Walter shared that countries with both factors have around 4% annual risk of civil war. "That sounds like it's not a lot," she said, "but … every year that a country has those two factors, the annual risk rises by another 4%. So after 10 years, if the country fails to reform and strengthen its democracy, and its political parties refuse to cross racial, ethnic and religious lines, [the risk] becomes 40%."

The Polity Score

Digging deeper in the predictive work and her research, Walter explained the democratic scoring system — the polity score. The 20-point scale weighs the strength of democracy versus dictatorship between positive 10 (strong democracy) and negative 10 (strong autocracy). Anocracies lie between positive five and negative five. Governments experiencing civil war fall between negative one and one.

"Starting in 2016, the United States was downgraded from positive 10 to a positive nine," Walter said. The reason? International election observers (who, Walter noted, observe the elections of democracies all across the world) deemed the 2016 election to be "free, but not entirely fair. And that was in large part because Russia has been found to have meddled in that election."

In 2019, the U.S. was again downgraded to a positive seven after "the White House refused to comply with a request by Congress to provide information [and] respond to subpoenas."

One final downgrade occurred at the end of 2020 — to a positive five. "We had a sitting president who was unwilling to accept a loss in the election and was actively attempting to overturn the results."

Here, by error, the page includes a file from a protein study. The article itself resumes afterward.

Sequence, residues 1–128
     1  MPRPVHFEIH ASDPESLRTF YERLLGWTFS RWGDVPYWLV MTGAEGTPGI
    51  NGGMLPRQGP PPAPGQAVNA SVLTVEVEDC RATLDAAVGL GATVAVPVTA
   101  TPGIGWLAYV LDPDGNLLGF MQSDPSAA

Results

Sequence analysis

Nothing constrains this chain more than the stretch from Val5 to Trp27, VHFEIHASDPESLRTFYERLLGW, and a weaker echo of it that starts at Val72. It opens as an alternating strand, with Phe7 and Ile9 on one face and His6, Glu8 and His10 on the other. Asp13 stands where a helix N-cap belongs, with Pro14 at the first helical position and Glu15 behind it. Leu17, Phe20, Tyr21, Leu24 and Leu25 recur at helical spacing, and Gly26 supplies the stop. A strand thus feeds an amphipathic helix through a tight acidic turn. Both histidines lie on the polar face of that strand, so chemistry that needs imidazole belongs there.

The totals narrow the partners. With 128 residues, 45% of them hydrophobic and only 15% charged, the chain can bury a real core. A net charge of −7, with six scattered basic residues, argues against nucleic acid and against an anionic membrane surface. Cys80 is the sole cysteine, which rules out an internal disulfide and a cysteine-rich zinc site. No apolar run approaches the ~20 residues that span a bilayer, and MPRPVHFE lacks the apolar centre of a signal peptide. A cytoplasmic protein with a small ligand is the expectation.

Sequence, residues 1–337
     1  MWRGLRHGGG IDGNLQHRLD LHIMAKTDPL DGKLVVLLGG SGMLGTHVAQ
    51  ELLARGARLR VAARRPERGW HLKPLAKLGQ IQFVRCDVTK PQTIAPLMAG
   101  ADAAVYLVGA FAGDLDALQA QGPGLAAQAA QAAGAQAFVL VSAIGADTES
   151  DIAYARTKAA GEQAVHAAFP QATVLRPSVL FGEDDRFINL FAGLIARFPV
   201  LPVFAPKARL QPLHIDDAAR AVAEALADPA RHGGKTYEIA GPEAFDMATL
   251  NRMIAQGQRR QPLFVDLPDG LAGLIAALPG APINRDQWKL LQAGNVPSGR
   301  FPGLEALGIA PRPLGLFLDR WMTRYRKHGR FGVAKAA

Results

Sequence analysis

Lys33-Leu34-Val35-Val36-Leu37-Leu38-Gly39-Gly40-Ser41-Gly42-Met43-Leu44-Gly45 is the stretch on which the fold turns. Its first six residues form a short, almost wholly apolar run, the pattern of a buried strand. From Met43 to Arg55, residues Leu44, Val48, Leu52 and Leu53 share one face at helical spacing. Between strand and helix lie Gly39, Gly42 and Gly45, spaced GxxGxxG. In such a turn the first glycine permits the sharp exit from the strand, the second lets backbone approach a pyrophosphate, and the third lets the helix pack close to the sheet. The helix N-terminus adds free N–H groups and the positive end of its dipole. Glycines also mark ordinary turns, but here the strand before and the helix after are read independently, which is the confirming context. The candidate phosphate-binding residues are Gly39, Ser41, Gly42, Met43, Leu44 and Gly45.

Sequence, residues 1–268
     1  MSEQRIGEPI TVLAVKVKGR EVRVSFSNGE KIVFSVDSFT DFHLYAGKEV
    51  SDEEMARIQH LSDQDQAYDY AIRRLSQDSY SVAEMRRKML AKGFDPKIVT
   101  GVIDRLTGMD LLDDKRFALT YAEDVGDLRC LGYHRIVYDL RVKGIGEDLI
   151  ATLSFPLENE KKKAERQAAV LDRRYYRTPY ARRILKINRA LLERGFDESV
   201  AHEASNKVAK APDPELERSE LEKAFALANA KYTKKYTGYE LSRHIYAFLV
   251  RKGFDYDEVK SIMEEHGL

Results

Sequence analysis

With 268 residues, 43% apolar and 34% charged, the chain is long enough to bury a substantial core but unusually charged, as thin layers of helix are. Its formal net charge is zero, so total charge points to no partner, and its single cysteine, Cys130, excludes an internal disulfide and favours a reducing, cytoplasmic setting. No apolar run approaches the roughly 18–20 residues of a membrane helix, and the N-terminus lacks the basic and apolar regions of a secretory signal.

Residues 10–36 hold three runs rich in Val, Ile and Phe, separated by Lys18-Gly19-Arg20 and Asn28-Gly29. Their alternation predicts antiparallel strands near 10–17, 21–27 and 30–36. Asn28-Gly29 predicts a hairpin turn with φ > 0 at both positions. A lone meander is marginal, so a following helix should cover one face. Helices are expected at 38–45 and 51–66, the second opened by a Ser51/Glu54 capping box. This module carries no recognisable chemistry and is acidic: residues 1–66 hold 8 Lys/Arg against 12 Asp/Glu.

At that point, Walter noted, America was no longer a democracy; the country was sliding toward anocracy.

The Road to Moderation

After the January 6 insurrection, Walter found a sense of relief at what she felt were signs of the American people "waking up."

Since the takeover of the Biden administration, the U.S.'s polity score has increased to positive 8, "because [we] had a peaceful transfer of power — Trump did leave the White House — and we had a new administration come to power that respects the rule of law and believes in democracy."

Walter suggested that the long-term solution for a strengthened democracy "has to come from the bottom up. It has to be [voter] turnout," she said. Instead of continued division, she says she sees a clear path to middle ground, with hope sparked by the surprise of the last midterm election. High overall turnout was bolstered by record numbers of young voters, "and that made the difference," she said.

She said she believes true moderation will result from higher turnouts. "If significantly more Americans voted, we would have a different makeup in Congress," she said. "The more extreme members of each party are the ones who [currently] tend to vote in a primary election. If we had much higher participation, by definition, we might have more moderate candidates... a more moderate Congress, and as those moderates would be more likely to work together."

At Bucknell, Walter double-majored in German and political science before continuing her studies at the University of Chicago, Harvard and Columbia. Her career as an academic and author speaks to the power of a liberal arts education. President Bravman conveyed his gratitude for Walter's appearance as the series' final guest. "She's a wonderful example of Bucknell's impact on the world," he said.

Planning is underway for the 2023-24 Bucknell Forum series.